Understanding Baby Teeth
A child has his or her first set of teeth, known as baby teeth, firmly in place by the time he or she reaches 3 years old. This junior set of 20 teeth stays in place until age 5, when, one by one, they teeth will start to fall out and are replaced by permanent, or adult teeth.
These baby teeth have shorter roots and fall out to make way for permanent teeth. Typically, by the time a child reaches 13 years old, he or she has lost all of the baby teeth and they have been replaced by a full set of 28 permanent teeth. Later, between the ages of 17 and 25, four wisdom teeth will also surface in the back of the mouth.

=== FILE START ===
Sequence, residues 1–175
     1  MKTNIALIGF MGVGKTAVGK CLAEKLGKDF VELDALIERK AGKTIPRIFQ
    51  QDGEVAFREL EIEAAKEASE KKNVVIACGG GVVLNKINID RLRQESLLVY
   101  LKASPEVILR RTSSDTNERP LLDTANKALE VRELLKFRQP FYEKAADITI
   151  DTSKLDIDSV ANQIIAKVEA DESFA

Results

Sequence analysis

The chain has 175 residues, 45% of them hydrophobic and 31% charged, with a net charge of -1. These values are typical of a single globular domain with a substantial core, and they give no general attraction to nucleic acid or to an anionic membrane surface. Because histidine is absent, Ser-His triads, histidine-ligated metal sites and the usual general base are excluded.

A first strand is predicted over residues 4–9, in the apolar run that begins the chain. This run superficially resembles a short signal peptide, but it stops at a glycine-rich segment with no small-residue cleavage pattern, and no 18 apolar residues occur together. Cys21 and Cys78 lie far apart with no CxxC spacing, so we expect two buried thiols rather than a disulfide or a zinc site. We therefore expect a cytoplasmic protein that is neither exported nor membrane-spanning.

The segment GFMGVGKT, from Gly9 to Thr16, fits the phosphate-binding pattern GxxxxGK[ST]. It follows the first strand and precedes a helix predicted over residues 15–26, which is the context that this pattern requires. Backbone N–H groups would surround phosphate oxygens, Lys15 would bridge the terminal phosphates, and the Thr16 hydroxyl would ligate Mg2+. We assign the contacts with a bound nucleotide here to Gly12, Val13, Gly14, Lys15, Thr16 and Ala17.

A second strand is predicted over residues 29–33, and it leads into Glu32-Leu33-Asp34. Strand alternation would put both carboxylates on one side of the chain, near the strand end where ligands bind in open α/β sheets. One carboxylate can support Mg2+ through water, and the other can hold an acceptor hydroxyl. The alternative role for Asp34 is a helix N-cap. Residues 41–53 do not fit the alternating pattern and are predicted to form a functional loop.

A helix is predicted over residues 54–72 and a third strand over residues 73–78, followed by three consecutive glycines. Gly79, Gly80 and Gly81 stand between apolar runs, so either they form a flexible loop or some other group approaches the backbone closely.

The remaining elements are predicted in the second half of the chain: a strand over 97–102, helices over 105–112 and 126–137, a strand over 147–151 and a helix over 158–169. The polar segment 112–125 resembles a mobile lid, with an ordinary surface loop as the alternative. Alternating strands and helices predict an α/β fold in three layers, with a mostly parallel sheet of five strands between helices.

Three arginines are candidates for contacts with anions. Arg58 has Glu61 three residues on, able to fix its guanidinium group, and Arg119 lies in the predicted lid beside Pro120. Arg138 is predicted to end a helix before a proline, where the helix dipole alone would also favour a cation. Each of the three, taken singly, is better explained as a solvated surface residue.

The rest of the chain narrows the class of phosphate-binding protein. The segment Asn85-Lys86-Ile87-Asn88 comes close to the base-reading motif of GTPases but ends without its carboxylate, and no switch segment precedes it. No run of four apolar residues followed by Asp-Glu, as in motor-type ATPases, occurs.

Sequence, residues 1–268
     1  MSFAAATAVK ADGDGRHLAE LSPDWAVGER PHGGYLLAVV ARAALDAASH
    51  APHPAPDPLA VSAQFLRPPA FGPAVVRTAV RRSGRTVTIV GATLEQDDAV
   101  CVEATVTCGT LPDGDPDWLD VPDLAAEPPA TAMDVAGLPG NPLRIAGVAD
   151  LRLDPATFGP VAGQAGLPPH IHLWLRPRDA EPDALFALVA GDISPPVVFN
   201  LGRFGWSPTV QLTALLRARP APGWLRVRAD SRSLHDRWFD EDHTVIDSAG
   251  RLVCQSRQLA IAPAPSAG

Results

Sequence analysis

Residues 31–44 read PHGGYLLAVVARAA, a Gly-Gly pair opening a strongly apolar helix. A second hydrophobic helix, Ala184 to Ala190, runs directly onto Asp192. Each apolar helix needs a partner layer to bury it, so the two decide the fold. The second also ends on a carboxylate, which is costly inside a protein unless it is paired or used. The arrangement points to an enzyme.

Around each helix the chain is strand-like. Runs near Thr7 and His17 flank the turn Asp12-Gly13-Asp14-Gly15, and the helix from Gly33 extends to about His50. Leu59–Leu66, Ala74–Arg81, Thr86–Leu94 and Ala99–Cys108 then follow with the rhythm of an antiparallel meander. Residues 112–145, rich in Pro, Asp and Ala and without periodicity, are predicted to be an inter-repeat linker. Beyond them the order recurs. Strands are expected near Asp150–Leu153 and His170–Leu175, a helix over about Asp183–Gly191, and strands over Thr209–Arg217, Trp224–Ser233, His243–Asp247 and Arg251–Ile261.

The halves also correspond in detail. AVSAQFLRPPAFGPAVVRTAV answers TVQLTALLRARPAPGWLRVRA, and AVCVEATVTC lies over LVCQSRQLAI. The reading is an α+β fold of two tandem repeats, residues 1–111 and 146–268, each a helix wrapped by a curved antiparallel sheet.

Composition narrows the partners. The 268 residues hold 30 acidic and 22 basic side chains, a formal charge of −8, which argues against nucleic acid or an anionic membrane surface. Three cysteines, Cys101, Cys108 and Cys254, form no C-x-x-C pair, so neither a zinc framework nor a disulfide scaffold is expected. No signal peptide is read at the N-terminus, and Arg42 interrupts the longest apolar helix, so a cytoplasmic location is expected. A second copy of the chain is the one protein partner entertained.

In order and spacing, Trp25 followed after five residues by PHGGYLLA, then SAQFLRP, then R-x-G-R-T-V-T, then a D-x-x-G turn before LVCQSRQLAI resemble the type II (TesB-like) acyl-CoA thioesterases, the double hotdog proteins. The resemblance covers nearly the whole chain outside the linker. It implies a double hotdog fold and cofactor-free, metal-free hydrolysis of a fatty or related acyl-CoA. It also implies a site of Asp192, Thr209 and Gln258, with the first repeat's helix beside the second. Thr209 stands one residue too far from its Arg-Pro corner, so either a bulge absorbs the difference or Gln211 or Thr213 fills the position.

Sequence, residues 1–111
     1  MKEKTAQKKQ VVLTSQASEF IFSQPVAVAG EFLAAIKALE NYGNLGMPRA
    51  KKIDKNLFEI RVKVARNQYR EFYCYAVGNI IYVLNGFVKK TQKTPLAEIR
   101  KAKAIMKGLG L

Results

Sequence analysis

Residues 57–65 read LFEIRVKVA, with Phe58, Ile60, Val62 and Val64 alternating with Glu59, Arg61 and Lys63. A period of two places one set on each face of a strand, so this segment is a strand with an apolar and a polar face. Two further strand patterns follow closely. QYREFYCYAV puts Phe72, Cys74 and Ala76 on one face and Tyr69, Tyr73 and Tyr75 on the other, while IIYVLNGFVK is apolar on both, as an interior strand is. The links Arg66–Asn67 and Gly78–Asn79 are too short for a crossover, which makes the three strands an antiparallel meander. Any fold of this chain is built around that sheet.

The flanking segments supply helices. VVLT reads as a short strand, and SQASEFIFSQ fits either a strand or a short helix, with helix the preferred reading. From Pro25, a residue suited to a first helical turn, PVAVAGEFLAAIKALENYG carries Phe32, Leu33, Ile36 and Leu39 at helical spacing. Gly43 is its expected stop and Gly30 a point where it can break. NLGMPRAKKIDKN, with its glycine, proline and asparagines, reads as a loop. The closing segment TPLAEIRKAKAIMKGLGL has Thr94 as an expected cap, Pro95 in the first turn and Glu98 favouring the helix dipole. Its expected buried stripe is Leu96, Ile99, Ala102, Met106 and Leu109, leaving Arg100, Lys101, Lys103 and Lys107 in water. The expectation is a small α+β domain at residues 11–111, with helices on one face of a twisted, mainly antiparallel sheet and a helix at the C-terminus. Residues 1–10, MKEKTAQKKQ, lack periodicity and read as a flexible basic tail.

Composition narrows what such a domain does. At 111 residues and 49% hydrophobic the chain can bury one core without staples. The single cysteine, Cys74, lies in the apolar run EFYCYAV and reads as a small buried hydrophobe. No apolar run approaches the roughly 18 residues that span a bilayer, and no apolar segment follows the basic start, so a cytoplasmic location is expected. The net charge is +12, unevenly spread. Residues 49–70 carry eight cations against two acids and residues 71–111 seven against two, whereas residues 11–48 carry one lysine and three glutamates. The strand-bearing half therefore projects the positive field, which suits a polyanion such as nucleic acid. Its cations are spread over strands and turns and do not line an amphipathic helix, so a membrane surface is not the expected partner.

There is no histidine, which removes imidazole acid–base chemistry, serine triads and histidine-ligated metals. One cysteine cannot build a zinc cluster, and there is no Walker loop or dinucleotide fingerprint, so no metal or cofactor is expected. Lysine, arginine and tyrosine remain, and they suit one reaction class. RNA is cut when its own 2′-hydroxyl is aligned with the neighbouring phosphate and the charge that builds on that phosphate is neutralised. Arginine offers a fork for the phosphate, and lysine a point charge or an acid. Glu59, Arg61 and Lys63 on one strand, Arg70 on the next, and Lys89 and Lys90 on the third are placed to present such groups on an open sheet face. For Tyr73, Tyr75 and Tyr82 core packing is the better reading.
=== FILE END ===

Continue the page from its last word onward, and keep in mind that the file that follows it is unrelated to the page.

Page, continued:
Baby teeth differ from permanent teeth in that they are whiter in color (permanent, adult teeth are naturally more yellowish in color). Baby teeth also differ in that their outer shell, known as enamel, and the dentin layer are both thinner and weaker, and the pulp is larger relative to the size of the whole tooth, so that if a kid gets a cavity, it spreads much more quickly to the nerve of the tooth. Regular checkups can catch any tooth decay early on and keep it from spreading. Remember that damage, such as tartar (which is the more advanced stage of plaque), can only be removed by dentists and their professional tools.